Practice saying I’m changing my mind instead of I changed my mind. Minor detail, major mindset difference.


5. Quality over quantity friendships

To foster a friendship, you need to invest time. Because friendships get built on shared experiences, investing time in random people takes away resources from friends you do care about. 


“Remote relationships cost you real relationships. Every minute you spend cultivating relationships with people through a screen is a minute you’re not deepening relationships with people you can actually see, touch and smell.” (Nat Eliason)


6. Travelling is fun until you wake up to realize you don’t have stability

I spent the last 5 years travelling/living in SE Asia with short trips back to Europe. But that cost me stability and building a network. 


I have family here, friends over there, community somewhere else entirely. It’s too scattered.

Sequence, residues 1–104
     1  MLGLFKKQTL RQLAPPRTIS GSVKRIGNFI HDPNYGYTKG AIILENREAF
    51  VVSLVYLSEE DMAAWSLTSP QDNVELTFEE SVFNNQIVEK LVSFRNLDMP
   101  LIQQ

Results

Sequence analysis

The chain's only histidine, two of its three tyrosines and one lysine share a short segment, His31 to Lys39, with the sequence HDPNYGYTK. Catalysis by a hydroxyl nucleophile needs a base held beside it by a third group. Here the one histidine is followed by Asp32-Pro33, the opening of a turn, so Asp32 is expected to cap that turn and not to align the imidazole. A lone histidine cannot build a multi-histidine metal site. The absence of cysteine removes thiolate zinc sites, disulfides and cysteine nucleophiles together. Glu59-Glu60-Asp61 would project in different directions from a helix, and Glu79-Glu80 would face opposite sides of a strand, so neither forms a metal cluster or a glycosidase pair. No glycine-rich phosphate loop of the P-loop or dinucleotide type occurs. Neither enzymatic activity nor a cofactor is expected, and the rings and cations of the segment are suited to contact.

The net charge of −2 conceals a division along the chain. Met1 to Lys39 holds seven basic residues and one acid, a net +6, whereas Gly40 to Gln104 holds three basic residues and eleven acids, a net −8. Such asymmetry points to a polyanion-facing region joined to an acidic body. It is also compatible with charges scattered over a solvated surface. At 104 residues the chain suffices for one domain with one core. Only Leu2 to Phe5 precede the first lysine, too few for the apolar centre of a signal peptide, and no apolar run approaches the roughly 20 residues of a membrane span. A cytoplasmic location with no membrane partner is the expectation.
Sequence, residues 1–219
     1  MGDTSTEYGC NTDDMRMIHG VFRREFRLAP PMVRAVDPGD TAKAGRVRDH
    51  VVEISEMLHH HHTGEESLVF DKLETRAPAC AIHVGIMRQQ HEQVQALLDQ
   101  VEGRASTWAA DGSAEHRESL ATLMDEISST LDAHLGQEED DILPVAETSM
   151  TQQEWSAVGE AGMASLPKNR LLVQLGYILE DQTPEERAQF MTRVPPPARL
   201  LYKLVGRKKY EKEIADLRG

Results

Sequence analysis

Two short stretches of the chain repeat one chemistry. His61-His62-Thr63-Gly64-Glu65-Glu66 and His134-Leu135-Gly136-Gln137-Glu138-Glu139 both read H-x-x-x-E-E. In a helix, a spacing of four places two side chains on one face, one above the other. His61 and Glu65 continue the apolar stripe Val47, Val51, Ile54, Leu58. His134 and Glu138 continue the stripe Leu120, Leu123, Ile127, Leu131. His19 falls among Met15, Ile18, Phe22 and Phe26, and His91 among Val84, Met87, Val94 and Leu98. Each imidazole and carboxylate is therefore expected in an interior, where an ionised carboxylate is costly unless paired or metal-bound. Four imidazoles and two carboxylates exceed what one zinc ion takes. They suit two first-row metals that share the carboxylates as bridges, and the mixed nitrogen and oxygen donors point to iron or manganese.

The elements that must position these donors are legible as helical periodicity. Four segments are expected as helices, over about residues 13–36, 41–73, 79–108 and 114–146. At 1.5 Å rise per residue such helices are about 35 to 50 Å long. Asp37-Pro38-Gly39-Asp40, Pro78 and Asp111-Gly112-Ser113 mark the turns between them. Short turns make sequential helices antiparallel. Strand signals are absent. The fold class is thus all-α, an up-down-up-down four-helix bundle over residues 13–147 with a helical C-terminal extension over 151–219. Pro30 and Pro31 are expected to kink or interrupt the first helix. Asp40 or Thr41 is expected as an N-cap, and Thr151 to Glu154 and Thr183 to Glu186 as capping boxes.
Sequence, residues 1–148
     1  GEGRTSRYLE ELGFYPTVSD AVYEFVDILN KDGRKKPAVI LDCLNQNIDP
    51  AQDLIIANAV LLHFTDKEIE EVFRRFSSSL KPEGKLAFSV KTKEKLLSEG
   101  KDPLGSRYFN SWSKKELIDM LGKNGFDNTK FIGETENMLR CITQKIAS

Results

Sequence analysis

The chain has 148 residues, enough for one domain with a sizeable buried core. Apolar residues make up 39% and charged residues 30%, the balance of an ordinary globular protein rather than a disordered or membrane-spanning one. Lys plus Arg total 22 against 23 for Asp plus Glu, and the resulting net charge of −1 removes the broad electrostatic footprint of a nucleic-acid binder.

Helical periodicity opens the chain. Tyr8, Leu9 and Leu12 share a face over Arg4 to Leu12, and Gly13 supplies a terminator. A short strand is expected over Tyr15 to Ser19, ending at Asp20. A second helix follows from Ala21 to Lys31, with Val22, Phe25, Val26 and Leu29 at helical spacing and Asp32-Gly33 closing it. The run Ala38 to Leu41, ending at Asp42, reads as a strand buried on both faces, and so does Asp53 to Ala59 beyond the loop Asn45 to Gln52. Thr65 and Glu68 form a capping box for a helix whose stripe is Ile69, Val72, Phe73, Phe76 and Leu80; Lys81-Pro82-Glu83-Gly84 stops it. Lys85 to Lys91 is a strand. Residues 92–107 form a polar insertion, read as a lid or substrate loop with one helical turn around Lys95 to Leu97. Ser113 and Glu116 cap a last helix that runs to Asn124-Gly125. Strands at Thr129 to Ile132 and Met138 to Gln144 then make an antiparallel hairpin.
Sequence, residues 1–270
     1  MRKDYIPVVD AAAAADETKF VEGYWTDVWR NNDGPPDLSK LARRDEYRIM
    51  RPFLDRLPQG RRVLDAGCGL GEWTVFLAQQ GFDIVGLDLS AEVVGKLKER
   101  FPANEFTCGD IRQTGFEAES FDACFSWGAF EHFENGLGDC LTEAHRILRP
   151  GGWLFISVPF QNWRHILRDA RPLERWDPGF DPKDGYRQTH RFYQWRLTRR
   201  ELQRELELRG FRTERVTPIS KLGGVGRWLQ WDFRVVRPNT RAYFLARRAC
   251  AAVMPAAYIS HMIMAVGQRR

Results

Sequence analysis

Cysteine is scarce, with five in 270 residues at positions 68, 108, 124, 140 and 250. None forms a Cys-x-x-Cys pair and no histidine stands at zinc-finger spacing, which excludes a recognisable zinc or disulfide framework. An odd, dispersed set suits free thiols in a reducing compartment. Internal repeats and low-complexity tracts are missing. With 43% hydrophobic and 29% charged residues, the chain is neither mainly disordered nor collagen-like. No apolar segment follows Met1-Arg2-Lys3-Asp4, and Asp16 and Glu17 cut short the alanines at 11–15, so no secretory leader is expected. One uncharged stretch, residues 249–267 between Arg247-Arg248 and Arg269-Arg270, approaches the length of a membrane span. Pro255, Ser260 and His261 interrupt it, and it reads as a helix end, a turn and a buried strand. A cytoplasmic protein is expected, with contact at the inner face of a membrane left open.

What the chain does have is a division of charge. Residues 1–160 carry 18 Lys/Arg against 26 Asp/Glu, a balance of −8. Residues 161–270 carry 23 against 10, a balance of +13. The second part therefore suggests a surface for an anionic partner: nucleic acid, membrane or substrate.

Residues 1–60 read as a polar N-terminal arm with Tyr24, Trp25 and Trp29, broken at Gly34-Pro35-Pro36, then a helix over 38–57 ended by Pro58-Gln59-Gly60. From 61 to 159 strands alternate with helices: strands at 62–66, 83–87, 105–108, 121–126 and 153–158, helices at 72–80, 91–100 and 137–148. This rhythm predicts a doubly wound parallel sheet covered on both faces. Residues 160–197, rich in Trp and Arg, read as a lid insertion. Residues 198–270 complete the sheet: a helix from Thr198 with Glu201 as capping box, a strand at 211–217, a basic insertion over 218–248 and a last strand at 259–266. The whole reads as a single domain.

Quality life requires both stability and adventure.


7. Be wary of fake dopamine hits

There are many things masquerading as doing that waste time. Avoid mental masturbation.


8. You can’t earn self-worth because it’s free

It’s like trying to earn oxygen. You can’t, oxygen is. 


Don’t spend time earning what’s inherent.


9. Most advice is too sanitized to work


I already talked about it here


Less reading vague advice from people online and more of finding mentors or community who are going through the same thing you are.


10. Serendipity masquerades as a skill


“Risk and luck are doppelgangers. NOTHING in life happens solely due to individual effort. The world is too complex for all of your actions to dictate 100% of your outcomes.” — Morgan Housel


I see many successful people preaching how hard they worked. I believe them. The part they struggle to acknowledge though is 100s if not 1000s of factors that had nothing to do with them.